8. ^ a b c Gale Literary Databases - Claire Loewen feld, Accessed 28 August 2010
  9. ^ a b Pauck, Wilhelm & Marion, Paul Tillich: His Life & Thought–Volume 1: Life. New York: Harper & Row, 1976
  10. ^ a b c d Pincus, Lily Verloren, gewonnen: Mein Weg von Berlin nach London, Deutsche Verlags-Anstalt, 1980
  11. ^ Tillich,Paul; Palmer, Michael F. Writings in the philosophy of culture Ch. 9 Das Wohnen, der Raum und der Zeit, De Gruyter, 1980
  12. ^ a b Tillich, Paul; Albrecht, Renate; and Hahl, Margot. Ein Lebensbild in Dokumenten, Walter de Gruyter, 1980.
  13. ^ a b Tillich, Paul. My Travel Diary, 1936; Between Two Worlds. Harper & Row, 1970.
  14. ^ Alien and Exemption from Internment - Refugee Records from 1939 Held by The National Archives, Kew HO 396/56/231 & HO 396/56/230
  15. ^ Note:-Loewenfeld listing in British Telephone Directory 1941
  16. ^ Wyllie, W. G.; Payne, W.W.; and Beynon, D. W. "A Dietetic Approach to the Coeliac Affection", Arch. Dis. Child., 1951, vol 26, pp, 4–19, accessed 29 August 2009.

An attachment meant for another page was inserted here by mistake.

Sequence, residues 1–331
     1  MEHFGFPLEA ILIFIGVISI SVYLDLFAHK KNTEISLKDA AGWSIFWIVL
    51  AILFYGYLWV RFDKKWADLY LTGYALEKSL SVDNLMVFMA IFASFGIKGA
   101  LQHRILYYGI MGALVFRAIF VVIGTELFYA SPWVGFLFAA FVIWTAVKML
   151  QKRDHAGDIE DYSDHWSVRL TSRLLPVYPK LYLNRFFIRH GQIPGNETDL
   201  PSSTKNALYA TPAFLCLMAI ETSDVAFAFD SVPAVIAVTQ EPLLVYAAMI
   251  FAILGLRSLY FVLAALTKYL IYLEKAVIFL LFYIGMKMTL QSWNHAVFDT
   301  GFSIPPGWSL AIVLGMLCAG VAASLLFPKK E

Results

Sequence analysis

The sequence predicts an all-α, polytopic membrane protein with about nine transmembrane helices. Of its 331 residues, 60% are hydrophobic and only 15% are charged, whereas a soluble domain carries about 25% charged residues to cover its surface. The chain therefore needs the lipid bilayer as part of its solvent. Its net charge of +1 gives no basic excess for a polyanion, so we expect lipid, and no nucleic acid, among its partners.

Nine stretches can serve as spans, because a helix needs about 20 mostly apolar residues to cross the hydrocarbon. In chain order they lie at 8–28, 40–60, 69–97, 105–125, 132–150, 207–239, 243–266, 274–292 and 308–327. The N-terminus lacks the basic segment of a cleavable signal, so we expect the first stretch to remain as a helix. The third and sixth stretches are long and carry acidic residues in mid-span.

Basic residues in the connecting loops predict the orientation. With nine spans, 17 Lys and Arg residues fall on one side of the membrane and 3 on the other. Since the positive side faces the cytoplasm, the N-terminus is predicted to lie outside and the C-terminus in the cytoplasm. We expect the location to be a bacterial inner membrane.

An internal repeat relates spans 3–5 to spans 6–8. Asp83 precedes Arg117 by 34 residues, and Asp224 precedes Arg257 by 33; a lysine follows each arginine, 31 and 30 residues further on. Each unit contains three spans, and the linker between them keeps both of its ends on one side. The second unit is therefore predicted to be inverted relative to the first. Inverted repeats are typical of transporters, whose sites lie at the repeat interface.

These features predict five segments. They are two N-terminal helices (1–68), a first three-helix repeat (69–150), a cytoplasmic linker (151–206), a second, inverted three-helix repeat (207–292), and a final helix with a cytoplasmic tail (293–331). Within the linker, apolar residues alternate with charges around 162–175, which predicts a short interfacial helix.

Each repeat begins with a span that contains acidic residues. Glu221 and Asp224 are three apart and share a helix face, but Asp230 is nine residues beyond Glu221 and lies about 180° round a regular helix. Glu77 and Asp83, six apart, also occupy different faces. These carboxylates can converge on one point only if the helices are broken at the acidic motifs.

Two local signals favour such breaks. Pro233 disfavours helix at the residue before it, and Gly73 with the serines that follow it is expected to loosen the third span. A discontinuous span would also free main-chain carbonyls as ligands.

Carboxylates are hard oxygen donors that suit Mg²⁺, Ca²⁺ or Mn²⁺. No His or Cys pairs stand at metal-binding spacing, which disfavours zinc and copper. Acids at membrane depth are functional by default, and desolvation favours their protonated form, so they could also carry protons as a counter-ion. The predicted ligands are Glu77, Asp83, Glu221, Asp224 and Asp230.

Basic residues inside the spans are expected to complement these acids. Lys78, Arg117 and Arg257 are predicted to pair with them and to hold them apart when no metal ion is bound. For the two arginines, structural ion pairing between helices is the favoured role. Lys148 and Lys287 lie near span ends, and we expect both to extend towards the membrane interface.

17. ^ "Fruit from the hedgerows - Vitamins in Rose Hips,". The Times. 29 August 1941. 
  18. ^ "Vitamins in Rose Hips". The Times. 4 October 1941. 
  19. ^ "Notes on Books - Claire Loewenfeld". British Medical Journal. 2 (4254). 27 June 1942. 
  20. ^ a b (Loewenfeld and Beck 1974). See Introduction p.13 of Revised 1978 edition published after Claire's death
  21. ^ The electrical journal, Volume 131 Retrieved, 03-09-2009
  22. ^ WorldCat listing for Claire Loewenfeld Retrieved, 03-09-2009
  23. ^ Loewenfeld, Claire. British Medical Journal, 1 April 1978, volume 1, issue 6119.

External links[edit]